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= Christianity and the Arts =
= Christianity and the Arts =
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Christianity and the Arts
This discussion of Christianity and art was translated by Steve Griffin and published by our First Hour in 1996.
CHRISTIANITY AND THE ARTS
It is often assumed in our day that as one enters the world of Christian ideas and spiritual life that one should from that moment (as though there were a clear dividing line) renounce all works of art as sinful, and think of creativity as something belonging to the fallen world. Accordingly the true Christian should not paint, write, or engage in any other creative enterprise. The only exceptions, of course, would be ecclesiastical art or architecture. Considering the fact that this notion is so widespread I would like your views to be informed.
To begin we might ask: what gives birth to art if not a spontaneous, internal stirring in the soul which causes the desire to create the new world which is developing within, and to fuse an internal experience (or vision) with one’s social and natural environment?
This desire, quite naturally, has always been organically linked with the philosophical and religious life of humanity. Man stands before eternity and undergoes the deepest, most acute crises because when he seeks the Absolute in things of earthly value he is usually disappointed, and comes to the sad conclusion that it was something else he sought. The cult of art, love, or any other limited cult more often than not leads to crisis because deep inside, in his unconscious, man seeks the absolute. But in creation the absolute is only partially embodied. But when art, or any other form of cultural creativity, assumes its proper, organic place, this disappointment does not occur: there is neither illusion nor internal cataclysm. Then we come to the wonderful and well-known fact that wherever we turn in the past, whether to the bison and mammoth drawings in the caves of Altamira, the Parthenon on the cliffs of the Acropolis, the intricate patterns weaved on Indian pagodas, or to the play of the sun on Byzantine mosaics or the stained glass of a Cathedral of the Middle Ages, we always find there a reflection, a human embodiment of spiritual life. It is always a phenomenon which springs from a deep religious awareness. As man perceives himself, his environment, and indeed eternity so he designs his house, temple, painting and even household articles. Florensky, for example, remarked that women’s fashions can be a basis on which to judge the essence of civilization.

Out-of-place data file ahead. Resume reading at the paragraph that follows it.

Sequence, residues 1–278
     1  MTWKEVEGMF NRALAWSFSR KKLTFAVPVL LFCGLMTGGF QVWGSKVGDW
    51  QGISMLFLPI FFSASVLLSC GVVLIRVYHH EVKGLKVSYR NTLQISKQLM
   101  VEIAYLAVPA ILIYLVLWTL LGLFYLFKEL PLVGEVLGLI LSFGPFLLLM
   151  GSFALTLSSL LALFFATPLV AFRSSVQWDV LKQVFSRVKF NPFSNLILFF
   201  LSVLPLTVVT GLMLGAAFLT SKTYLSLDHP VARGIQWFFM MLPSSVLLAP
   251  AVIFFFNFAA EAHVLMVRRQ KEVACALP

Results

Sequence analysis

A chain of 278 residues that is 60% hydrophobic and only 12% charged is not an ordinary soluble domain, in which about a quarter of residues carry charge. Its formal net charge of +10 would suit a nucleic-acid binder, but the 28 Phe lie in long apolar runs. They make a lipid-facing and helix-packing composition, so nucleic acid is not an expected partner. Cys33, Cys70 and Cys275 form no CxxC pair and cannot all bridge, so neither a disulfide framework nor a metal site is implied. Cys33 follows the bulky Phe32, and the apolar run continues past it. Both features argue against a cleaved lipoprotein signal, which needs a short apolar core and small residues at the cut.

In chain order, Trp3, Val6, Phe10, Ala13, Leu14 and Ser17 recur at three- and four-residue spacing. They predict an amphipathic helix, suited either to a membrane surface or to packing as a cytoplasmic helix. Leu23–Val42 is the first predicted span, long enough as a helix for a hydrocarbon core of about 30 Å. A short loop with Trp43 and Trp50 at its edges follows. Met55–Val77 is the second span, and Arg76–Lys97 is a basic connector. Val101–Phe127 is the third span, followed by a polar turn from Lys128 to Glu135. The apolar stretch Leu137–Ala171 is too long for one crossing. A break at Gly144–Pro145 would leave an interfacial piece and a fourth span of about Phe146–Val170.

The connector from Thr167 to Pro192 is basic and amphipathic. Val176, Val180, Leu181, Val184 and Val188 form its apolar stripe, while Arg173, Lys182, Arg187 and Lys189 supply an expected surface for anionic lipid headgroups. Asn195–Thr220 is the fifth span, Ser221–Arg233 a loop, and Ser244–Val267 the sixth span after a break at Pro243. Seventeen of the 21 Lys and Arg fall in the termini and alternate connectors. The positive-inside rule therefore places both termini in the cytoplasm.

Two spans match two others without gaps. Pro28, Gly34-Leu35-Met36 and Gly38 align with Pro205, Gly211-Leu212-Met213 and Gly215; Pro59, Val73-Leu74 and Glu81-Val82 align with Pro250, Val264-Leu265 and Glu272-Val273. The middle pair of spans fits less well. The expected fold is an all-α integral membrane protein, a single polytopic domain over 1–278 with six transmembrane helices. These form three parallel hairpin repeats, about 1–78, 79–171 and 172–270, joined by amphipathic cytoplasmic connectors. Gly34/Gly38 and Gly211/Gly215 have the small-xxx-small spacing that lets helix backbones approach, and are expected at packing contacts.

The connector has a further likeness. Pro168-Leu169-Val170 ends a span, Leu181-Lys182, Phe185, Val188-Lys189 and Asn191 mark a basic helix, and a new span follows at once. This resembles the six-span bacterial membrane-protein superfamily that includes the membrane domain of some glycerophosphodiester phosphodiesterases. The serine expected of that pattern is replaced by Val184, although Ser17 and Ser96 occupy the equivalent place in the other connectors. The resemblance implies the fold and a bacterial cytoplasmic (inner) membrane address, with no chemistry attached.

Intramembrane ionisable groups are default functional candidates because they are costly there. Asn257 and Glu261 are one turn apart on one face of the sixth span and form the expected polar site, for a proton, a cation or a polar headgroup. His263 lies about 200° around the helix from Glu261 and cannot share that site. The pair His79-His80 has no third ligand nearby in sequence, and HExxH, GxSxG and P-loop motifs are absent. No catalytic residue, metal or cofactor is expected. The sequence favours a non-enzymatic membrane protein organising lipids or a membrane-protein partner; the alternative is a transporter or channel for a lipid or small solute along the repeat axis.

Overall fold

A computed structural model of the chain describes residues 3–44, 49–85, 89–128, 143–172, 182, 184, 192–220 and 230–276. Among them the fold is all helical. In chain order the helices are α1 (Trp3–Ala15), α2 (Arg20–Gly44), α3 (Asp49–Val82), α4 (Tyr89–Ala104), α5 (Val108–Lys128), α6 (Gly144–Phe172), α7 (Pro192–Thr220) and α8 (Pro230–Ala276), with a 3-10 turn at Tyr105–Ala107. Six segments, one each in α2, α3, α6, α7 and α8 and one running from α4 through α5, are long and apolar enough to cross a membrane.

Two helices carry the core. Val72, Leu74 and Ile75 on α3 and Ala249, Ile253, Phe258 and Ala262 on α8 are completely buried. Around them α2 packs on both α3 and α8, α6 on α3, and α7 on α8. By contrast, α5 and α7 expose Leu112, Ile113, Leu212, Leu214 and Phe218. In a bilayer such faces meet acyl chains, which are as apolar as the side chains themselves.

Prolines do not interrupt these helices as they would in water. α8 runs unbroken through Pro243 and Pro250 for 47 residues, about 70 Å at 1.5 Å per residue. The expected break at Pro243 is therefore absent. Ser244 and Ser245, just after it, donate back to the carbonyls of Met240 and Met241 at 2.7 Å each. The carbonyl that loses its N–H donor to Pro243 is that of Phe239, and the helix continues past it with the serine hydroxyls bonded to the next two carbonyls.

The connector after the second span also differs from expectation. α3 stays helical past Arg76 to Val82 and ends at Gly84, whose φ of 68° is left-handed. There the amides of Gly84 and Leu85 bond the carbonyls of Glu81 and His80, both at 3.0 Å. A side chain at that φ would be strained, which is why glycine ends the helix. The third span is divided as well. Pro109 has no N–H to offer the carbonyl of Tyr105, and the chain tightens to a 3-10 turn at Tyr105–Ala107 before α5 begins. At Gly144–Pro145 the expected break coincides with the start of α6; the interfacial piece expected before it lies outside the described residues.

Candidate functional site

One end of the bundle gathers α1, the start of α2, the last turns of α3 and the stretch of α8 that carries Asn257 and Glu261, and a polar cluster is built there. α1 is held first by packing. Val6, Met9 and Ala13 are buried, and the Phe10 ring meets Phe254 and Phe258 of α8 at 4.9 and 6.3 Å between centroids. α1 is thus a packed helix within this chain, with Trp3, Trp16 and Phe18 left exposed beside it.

The spiritual kernel which we speak of is manifested in every realm. A study of the evolution of particular ceramic forms, or the forms of ordinary dishes, will show that the form is not accidental, but expresses the spirit of the age. It might seem strange, but the form of a vessel can, in some mysterious way speak of man’s world view or religion (if we take religion in its widest sense, as a perception of the world, eternity nature and man). When Christianity came into the world it stood in opposition to all forms of nature worship. And the process which began even in the Old Testament times was very painful. After all, for millennia man had sensed a oneness with nature and saw in her the divine source. Then at a singularly celestial moment in human history, for yet unknown historical, social or economic reasons, the Spirit came upon the human race. And man suddenly became aware of this. Great teachers of humanity--Confucius, Lao-Tse, Chuang-Tse, Mahavira, Buddha and Zoroaster--came forth, as did the biblical prophets of Israel and Greek and Roman philosophers. This entire pleiade, emerging almost simultaneously in various countries of the world despite geographical, social and cultural barriers, set in motion the hardened lava of human culture, as it were, and that lava began to flow. Then there appeared a new form of spirituality which proclaimed above all that behind the bright and (on the surface) diverse reality of nature and life there stands an invisible spiritual reality which cannot be described in any abstract positive terms. One could only say wha t it is not. For this reason the authors of the Upanishads speak of the Absolute as “neti-neti”, that is to say, “neither this nor that”, while the biblical prophets say that God is “hadosh”, Holy, not to be measured by any created means. Similarly Chinese teachers say that the “highest”, or the “Tao”, cannot be named with any earthly name because any name which is uttered can only be earthly not eternal. The Tao-te-Ching begins with this very affirmation, and it is to be found throughout that culture. This form of spirituality is deeply mystical and philosophical; it is the final word of human efforts to grasp deepest truth.